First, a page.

Instead of celebrating achievement on her high school graduation day, Janet Gwilliam-Wright was experiencing a completely separate defining moment in her young life -- the death of her mother, Cass, at age 49 after a five year battle with breast cancer.
Twenty-five years later, she has lived longer without her vibrant, stylish, shoe-loving mom than she did with her. Commemorating her mother’s life, and honouring her own healing process, Gwilliam-Wright launched the Motherlove Project on June 17, an online platform for motherless daughters to share in an experience that can feel extremely isolating.
“It was pretty awful actually. I think I still have trauma just thinking about it now, being so young when she died,” explains Gwilliam-Wright.
Although separated by so many factors, like geography, culture and race, the nine women who thus far have submitted personal stories to the Motherlove Project share in the loss of a very particular connection, one exclusive between mothers and daughters, and one that only becomes more apparent, and compounds the original loss, when they become mothers themselves.
With two daughters of her own, Gwilliam-Wright says, “It becomes very visible once again - that your mom is not there to support you through one of the biggest life transitions that you could possibly go through, in becoming a parent.”
Shining a light on grief, an aspect of loss that society often shies away from, Gwilliam-Wright has found herself as a curator of sorts for the Motherlove Project, and hopes to eventually compile the collected stories into a book.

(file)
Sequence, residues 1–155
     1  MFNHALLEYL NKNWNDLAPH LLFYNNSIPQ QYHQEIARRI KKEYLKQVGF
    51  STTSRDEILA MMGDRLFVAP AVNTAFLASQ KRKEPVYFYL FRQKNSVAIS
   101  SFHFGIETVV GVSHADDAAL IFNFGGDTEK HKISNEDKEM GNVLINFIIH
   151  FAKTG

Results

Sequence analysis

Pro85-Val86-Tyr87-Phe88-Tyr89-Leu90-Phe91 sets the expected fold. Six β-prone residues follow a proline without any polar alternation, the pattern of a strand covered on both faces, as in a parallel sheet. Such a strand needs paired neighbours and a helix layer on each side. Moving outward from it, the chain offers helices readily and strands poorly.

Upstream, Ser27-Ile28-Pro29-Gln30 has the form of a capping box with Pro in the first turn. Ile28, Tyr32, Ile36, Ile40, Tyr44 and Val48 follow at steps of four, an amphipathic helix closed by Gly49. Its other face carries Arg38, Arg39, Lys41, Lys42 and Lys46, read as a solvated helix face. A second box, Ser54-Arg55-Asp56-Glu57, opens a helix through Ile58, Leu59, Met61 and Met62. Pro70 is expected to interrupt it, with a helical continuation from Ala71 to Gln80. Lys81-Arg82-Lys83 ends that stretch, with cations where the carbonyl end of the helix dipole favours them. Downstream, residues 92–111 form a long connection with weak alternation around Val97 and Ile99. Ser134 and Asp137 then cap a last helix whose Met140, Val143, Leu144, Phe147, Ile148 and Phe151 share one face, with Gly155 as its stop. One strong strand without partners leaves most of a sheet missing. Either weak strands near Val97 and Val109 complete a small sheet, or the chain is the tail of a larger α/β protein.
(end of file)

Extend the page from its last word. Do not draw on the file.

“It’s really been quite profound. It’s really powerful. We’re creating community through loss and it’s been really therapeutic for me to be able to do this.”
Although loss is the central theme of the Motherlove Project, Gwilliam-Wright wants women to know that the ability to share in this experience isn’t limited to death, but can also manifest through any means of forced separation like adoption, abandonment or estangement.
The idea that certain losses are prioritized over others is one of the reasons she launched this project in the first place.
“There’s still a real stigma about mothers who die from drugs and alcohol, or mothers who die by suicide, or mothers who have given up their children for whatever reason. I’m trying to position this as a platform for all those experiences to be shared and to be honoured and to talk about all of the conflicting emotions that come from wanting your mom but also being really mad at her.”
Because, says Gwilliam-Wright, her mother wasn’t perfect either. And the idea that many mothers are sanctified after their deaths made it challenging for her to reconcile the negative emotions she was experiencing with the pressure to feel a certain way. An important part of the healing process was learning, and accepting, that her mother was only human, even though, for a young Gwilliam-Wright, at times she seemed more super-human.
“She was an incredible force in her profession,” explains Gwilliam-Wright of Cass, one of the first women in British Columbia's advertising industry to reach the executive level. “She was so glamorous. I thought that she was larger than life. But I was also really mad at her a lot. She made a lot of really poor choices.”
Running from her grief instead of processing it led to a long road of mental health issues after Gwilliam-Wright was diagnosed with depression at age 24. But with the help of a great therapist, she’s finally been able to get back on track over the last five years, and she only hopes that by sharing these stories with other women who are experiencing mother loss, in whatever form, they can connect, sustain hope, and move forward together.
To submit a story, and for more information, follow the Motherlove Project on Instagram.